Gary Marx (1960)

Professor Emeritus, M.I.T.

After graduating from UCLA and the obligatory summer trip to Europe for the privileged, I headed up Highway 99 (there was no highway 5) for Cal -- lucid about what I didn't want, rather than what I did. With mentors such as Erving Goffman, Charles Glock, Marty Lipset and Neil Smelser the latter quickly changed. After the orals exam, spent a year traveling around the world, including going by land from Iran to Calcutta. I received the Ph.D. in 1966 and taught at Berkeley in 1966-67; before moving to the Harvard Department of Social Relations with appointments at the Joint Center for Urban Studies and later the Law School's Criminal Justice Center, moved to MIT in Urban Studies and Planning 1973-1994. I have been privileged to have had a variety of shorter teaching and fellowship sojourns in France, England, Santa Barbara, La Jolla, Italy, Stanford, Belgium, Spain, Boulder, Vienna, Nankai (PRC), Washington D.C., and most recently at UCI, Northwestern, UCB Law School and the University of Washington.

Books on the civil rights movement, undercover police, and new surveillance technologies kept notoriety and resources coming in. I moved, in a trajectory I could not have predicted, from initial work in race relations and stratification, to social movements and collective behavior, social control, and technology and society and from quantitative to qualitative methods. I have worked with a variety of commissions, Congressional committees, government agencies and non-profit groups on issues of inter-group relations, civil liberties, social control and technology and society.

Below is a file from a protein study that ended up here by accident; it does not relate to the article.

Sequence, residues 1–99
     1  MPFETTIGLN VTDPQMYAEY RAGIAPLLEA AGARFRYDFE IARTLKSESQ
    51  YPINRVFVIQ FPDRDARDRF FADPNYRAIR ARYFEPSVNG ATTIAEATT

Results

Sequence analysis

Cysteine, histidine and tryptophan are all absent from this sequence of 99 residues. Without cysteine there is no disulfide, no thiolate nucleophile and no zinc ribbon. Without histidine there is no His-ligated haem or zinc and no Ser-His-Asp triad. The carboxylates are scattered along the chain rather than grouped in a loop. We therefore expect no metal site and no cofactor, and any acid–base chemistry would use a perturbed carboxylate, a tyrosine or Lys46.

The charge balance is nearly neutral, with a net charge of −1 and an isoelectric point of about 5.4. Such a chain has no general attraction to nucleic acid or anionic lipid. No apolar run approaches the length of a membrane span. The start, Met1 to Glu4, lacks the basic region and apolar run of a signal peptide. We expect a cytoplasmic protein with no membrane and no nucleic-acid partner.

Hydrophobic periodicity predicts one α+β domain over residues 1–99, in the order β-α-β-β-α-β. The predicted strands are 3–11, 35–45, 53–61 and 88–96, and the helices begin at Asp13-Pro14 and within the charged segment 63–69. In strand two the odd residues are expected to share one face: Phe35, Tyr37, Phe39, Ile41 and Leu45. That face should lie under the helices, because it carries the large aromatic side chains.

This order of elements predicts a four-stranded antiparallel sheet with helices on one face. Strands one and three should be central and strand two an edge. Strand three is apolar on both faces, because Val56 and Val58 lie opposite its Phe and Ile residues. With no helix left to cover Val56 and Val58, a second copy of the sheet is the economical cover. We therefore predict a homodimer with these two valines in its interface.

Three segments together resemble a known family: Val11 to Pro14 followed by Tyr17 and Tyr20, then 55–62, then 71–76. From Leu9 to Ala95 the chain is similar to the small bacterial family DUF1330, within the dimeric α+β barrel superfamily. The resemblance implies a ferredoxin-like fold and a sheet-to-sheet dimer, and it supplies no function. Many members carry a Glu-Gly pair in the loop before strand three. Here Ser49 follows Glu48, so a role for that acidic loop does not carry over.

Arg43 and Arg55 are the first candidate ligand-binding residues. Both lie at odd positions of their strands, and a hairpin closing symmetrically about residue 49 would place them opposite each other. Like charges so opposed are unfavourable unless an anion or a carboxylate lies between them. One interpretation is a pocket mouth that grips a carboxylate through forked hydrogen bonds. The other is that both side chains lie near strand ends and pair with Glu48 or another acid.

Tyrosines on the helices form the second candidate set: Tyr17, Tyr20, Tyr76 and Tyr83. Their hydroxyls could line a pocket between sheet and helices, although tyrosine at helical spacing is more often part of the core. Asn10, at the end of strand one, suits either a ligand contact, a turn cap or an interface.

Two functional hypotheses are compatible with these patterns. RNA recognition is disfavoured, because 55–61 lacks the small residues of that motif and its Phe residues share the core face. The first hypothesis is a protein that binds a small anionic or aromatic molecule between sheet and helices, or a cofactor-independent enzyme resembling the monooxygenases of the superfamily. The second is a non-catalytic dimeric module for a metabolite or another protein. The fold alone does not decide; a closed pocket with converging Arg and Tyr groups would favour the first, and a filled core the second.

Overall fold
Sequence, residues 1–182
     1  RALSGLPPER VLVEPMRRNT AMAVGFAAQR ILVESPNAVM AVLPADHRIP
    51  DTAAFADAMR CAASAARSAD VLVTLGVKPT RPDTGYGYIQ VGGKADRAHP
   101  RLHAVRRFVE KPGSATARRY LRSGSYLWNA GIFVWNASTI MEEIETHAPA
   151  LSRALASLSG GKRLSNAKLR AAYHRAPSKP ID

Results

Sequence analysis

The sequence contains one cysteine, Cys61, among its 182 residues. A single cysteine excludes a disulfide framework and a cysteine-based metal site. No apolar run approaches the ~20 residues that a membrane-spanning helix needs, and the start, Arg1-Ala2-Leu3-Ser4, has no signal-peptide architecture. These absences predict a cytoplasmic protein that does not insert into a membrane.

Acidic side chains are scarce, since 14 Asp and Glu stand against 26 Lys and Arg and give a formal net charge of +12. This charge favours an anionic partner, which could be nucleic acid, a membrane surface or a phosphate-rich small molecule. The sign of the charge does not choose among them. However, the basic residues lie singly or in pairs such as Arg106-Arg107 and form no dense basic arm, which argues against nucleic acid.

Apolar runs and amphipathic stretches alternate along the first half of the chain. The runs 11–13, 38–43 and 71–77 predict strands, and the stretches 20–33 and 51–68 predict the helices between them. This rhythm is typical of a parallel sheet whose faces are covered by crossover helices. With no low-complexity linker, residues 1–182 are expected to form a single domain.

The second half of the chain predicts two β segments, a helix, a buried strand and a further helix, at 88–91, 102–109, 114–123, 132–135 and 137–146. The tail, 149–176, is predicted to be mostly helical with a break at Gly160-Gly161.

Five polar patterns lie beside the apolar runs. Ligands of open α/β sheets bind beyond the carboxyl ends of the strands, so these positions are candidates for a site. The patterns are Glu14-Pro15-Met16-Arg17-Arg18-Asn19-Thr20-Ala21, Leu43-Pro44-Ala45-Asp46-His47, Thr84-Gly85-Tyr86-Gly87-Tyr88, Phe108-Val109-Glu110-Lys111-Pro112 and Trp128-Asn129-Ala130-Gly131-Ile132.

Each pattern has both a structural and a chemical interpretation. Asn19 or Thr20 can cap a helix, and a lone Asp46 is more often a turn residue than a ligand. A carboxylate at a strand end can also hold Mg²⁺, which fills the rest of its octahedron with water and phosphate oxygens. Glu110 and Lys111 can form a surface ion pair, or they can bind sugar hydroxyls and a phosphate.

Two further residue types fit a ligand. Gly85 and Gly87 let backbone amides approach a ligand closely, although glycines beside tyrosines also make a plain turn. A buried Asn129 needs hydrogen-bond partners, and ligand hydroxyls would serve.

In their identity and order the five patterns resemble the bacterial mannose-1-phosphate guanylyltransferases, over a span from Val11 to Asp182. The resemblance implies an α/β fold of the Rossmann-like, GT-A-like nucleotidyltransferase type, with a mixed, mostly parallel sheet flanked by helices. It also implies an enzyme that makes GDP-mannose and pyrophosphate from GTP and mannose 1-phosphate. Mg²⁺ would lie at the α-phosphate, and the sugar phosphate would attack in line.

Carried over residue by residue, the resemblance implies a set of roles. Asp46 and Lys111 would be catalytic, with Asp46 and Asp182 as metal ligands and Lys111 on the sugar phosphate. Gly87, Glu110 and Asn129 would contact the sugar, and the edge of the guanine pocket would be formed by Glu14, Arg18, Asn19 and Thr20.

Change the world? Nowadays I am happy if I can get through the day with my dignity in tact having done no harm. Yet I have tried as the poet said, 'to patch the world as best I can.' Among contributions to social change :keeping large sums flowing into the civil rights movement as a result of the findings from Protest and Prejudice; contributing to the report of the National Advisory (Kerner) Commission on Civil Disorders and the Senate Select Committee On Undercover Activities; helping provide the intellectual rationale that led the phone companies to eventually reign in Caller-Id; increasing national and international awareness of the social issues raised by new information technologies through popular and academic writing and training students.

Articles on my web page dealing with success and failure and the search for meaning in academic life, 37 moral mandates for aspiring sociologists, Erving Goffman, Neil Smelser, travel, muckraking sociology, dirty data and whites in the civil rights movement reflect the anvil of Berkeley.

Dissertation Title: 
Protest and Prejudice: The Climate of Opinion in the Negro American Community
Dissertation Book Title: 
Protest and Prejudice: A Study of Belief in the Black Community